Unique ability helps prolific bacterium to afflict humans, animals and even plants

Unique ability helps prolific bacterium to afflict humans, animals and even plants

New research has found that one of the world's most prolific bacteria manages to afflict humans, animals and even plants by way of a mechanism not before seen in any infectious microorganism -- a sense of touch. This unique ability helps make the bacteria Pseudomonas aeruginosa ubiquitous, but it also might leave these antibiotic-resistant organisms vulnerable to a new form of treatment. [More]
TSRI study examines body’s own response against chronic protein misfolding

TSRI study examines body’s own response against chronic protein misfolding

“Protein misfolding” diseases such as cystic fibrosis and Alzheimer’s may be seriously exacerbated by the body’s own response against that misfolding, according to a new study led by scientists at The Scripps Research Institute. [More]

Anthera Pharmaceuticals reports net loss of $7.0 million for third quarter 2014

Anthera Pharmaceuticals, Inc., today announced financial results and operational update for the third quarter ended September 30, 2014. [More]
Salivary mucins protect teeth from cariogenic bacterium

Salivary mucins protect teeth from cariogenic bacterium

Salivary mucins, key components of mucus, actively protect the teeth from the cariogenic bacterium, Streptococcus mutans, according to research published ahead of print in Applied and Environmental Microbiology. The research suggests that bolstering native defenses might be a better way to fight dental caries than relying on exogenous materials, such as sealants and fluoride treatment, says first author Erica Shapiro Frenkel, of Harvard University, Cambridge, MA. [More]
Murdoch University researchers receive NHMRC grant to develop genetic drugs for rare diseases

Murdoch University researchers receive NHMRC grant to develop genetic drugs for rare diseases

Murdoch University researchers from the Centre for Comparative Genomics have received almost $800,000 in funding from the National Health and Medical Research Council to develop genetic drugs to treat rare diseases. [More]
Calchan, Galapagos partner to discover and develop novel target for osteoarthritic pain

Calchan, Galapagos partner to discover and develop novel target for osteoarthritic pain

Calchan Holdings Limited, a UK company focused on the development of novel medicines based on calcium ion channel modulators, and Galapagos NV, a clinical stage biotech company focused on developing novel mode of action medicines, today announce that they have entered into a research collaboration in the area of osteoarthritis pain. [More]
Aseptika launches Contactless Thermometer and Pulse Oximeter

Aseptika launches Contactless Thermometer and Pulse Oximeter

With the winter flu and cold season almost upon us we can stock up and take some steps to prepare at home for this eventuality. Having a flu jab, eating well, getting lots of exercise and sleep, and maintain good personal hygiene all help in preventing flu and colds. [More]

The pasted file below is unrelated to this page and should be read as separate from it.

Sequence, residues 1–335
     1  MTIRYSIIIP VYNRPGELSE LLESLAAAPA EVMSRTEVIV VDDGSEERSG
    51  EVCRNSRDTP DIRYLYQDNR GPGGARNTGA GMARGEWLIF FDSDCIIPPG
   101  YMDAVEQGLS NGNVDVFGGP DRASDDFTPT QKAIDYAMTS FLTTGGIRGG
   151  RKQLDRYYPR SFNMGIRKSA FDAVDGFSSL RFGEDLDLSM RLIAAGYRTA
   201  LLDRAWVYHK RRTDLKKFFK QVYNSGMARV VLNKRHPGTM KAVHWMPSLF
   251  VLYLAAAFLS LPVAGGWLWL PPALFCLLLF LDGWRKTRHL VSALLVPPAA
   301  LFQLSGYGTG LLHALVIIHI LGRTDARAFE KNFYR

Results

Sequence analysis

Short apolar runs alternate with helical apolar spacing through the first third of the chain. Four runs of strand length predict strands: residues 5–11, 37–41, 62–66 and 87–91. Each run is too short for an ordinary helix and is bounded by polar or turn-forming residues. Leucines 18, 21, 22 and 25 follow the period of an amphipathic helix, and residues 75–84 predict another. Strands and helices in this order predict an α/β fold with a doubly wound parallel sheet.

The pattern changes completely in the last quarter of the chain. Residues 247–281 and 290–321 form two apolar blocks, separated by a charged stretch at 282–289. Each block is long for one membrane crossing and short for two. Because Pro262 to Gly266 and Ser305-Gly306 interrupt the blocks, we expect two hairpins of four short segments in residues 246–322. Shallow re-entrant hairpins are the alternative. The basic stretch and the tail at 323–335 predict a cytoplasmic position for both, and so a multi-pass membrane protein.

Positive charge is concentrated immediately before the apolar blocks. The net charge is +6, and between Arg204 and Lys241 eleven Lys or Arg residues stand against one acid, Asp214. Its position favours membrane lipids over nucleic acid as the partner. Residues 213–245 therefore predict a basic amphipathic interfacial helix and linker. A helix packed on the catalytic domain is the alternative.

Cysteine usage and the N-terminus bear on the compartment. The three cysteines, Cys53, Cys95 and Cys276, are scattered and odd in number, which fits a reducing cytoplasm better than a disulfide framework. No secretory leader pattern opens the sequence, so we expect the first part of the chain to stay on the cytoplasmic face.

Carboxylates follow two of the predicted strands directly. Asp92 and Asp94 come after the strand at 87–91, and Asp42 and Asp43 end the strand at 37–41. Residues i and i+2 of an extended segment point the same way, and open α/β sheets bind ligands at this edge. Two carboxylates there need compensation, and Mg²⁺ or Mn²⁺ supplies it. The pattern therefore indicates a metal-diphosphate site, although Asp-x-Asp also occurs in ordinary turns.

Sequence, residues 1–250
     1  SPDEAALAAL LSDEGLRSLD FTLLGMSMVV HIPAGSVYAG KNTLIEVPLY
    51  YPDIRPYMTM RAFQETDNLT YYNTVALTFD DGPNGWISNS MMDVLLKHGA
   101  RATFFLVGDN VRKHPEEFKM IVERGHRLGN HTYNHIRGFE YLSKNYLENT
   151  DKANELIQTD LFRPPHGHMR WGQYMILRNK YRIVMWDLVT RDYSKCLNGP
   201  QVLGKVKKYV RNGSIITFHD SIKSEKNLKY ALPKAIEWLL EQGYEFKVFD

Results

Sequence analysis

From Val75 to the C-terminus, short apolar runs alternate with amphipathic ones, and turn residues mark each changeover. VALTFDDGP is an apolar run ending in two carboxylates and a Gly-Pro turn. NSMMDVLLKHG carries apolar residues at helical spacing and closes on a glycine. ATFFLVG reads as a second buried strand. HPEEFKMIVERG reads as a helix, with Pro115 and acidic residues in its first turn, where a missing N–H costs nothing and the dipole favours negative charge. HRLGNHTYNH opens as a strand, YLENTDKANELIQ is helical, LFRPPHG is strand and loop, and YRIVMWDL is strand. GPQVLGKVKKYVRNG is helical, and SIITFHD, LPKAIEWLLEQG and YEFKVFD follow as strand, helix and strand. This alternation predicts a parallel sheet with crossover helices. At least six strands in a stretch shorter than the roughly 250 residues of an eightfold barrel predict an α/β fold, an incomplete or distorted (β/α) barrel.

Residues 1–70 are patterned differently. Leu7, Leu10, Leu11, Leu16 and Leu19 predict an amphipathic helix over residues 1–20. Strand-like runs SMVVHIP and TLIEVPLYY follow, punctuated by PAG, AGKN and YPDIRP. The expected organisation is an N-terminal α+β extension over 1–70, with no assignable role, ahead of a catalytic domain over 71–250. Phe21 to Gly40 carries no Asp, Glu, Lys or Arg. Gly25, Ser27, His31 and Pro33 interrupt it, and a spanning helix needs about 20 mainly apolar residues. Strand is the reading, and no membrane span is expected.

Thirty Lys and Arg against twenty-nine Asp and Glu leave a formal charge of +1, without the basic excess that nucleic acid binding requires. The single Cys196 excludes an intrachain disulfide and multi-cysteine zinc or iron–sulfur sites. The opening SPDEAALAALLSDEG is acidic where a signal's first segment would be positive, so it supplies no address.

Antibiotic-resistant bacteria share resources to cause chronic infections, show studies

Antibiotic-resistant bacteria share resources to cause chronic infections, show studies

Antibiotic-resistant bacteria can share resources to cause chronic infections, Vanderbilt University investigators have discovered. [More]
Major scientific breakthrough in understanding retinal degenerative diseases that cause blindness

Major scientific breakthrough in understanding retinal degenerative diseases that cause blindness

An important scientific breakthrough by a team of IRCM researchers led by Michel Cayouette, PhD, is being published today by The Journal of Neuroscience. The Montréal scientists discovered that a protein found in the retina plays an essential role in the function and survival of light-sensing cells that are required for vision. [More]

Tannic acid may help ease impact of bacterial lung infections in CF patients

By screening over 2,000 approved drugs and natural products, scientists have shown that tannic acid may help ease the impact of bacterial lung infections in cystic fibrosis patients. [More]
International Biophysics files patent protection for revolutionary AffloVest

International Biophysics files patent protection for revolutionary AffloVest

International Biophysics Corporation of Austin, Texas announces its filing of U.S. patent protection for its revolutionary AffloVest. The company has also recently confirmed exclusive ownership rights concerning the manufacture, sale and distribution of the AffloVest in its markets. [More]
Childhood eating disorders could have underlying psychological issues, researchers warn

Childhood eating disorders could have underlying psychological issues, researchers warn

Researchers at the University of Montreal and its affiliated CHU Sainte-Justine children's hospital are warning parents that difficult eaters could have underlying psychological issues, as they have found that restrictive behaviours can appear before puberty. [More]